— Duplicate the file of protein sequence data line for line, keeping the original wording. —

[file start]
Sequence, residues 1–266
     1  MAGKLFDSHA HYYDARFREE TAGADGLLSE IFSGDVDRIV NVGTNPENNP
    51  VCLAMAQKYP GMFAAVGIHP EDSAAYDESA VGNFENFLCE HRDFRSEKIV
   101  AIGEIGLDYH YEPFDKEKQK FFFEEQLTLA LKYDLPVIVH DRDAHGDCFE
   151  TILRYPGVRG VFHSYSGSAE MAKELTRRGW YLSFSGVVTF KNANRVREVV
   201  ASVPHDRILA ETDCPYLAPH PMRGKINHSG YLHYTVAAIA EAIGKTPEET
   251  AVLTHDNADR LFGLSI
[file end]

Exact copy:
Sequence, residues 1–266
     1  MAGKLFDSHA HYYDARFREE TAGADGLLSE IFSGDVDRIV NVGTNPENNP
    51  VCLAMAQKYP GMFAAVGIHP EDSAAYDESA VGNFENFLCE HRDFRSEKIV
   101  AIGEIGLDYH YEPFDKEKQK FFFEEQLTLA LKYDLPVIVH DRDAHGDCFE
   151  TILRYPGVRG VFHSYSGSAE MAKELTRRGW YLSFSGVVTF KNANRVREVV
   201  ASVPHDRILA ETDCPYLAPH PMRGKINHSG YLHYTVAAIA EAIGKTPEET
   251  AVLTHDNADR LFGLSI